Gov. Haley Barbour’s growing national presence as a political force of nature and his status as an undeniable A-list potential Republican presidential contender has sparked a torrent of national media speculation and an explosion in the political blogosphere of so-called “Haley Watch” offerings.
For Mississippi’s intensely popular but term-limited two-term governor from Yazoo City, that’s the up side. The downside is that Barbour’s frequent absences from Mississippi for Republican Governors Association business, general GOP activism and fundraising and other legitimate travel associated with his job as governor of Mississippi are just that – frequent absences.
In politics, absence doesn’t make the heart grow fonder. It emboldens the timid and inspires those who don’t march to the same political drummer to start their own parade with a new drum major.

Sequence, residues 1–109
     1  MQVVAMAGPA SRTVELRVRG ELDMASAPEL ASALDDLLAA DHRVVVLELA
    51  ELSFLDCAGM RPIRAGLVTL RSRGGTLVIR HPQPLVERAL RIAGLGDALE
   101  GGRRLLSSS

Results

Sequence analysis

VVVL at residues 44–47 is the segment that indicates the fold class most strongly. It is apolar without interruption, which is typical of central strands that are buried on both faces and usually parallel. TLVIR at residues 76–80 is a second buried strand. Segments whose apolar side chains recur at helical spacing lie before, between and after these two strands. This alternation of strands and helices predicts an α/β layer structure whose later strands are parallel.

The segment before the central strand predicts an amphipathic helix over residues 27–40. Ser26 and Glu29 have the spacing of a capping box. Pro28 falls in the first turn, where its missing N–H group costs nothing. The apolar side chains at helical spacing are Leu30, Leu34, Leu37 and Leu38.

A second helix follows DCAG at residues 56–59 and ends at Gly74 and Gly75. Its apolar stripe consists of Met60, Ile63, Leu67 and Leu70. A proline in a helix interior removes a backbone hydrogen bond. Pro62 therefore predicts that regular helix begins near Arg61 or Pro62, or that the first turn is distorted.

To be certain, if Barbour could seek a third term as governor of Mississippi, the majority of state voters would elect him. Barbour popularity is not at issue.
But the more Barbour is absent from Mississippi and the stronger his presence in national politics, the weaker his presence becomes in state politics. For state legislators facing 2011 re-election bids in an anti-incumbent political environment, worries about keeping the favor of a lame duck governor would begin to lessen if Barbour were walking the halls of the Capitol daily. It’s politically inevitable.